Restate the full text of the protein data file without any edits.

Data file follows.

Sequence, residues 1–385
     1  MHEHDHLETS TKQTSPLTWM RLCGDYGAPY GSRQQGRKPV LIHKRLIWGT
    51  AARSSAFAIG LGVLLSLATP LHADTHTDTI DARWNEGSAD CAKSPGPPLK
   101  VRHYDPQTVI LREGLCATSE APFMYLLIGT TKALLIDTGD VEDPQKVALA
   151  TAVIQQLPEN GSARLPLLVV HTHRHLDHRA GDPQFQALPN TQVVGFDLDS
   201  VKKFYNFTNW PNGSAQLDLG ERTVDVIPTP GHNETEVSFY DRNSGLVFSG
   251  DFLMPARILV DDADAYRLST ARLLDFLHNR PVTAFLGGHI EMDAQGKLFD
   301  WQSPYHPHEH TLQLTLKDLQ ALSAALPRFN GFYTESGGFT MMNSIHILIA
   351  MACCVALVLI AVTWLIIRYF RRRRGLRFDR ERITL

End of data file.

Sequence, residues 1–385
     1  MHEHDHLETS TKQTSPLTWM RLCGDYGAPY GSRQQGRKPV LIHKRLIWGT
    51  AARSSAFAIG LGVLLSLATP LHADTHTDTI DARWNEGSAD CAKSPGPPLK
   101  VRHYDPQTVI LREGLCATSE APFMYLLIGT TKALLIDTGD VEDPQKVALA
   151  TAVIQQLPEN GSARLPLLVV HTHRHLDHRA GDPQFQALPN TQVVGFDLDS
   201  VKKFYNFTNW PNGSAQLDLG ERTVDVIPTP GHNETEVSFY DRNSGLVFSG
   251  DFLMPARILV DDADAYRLST ARLLDFLHNR PVTAFLGGHI EMDAQGKLFD
   301  WQSPYHPHEH TLQLTLKDLQ ALSAALPRFN GFYTESGGFT MMNSIHILIA
   351  MACCVALVLI AVTWLIIRYF RRRRGLRFDR ERITL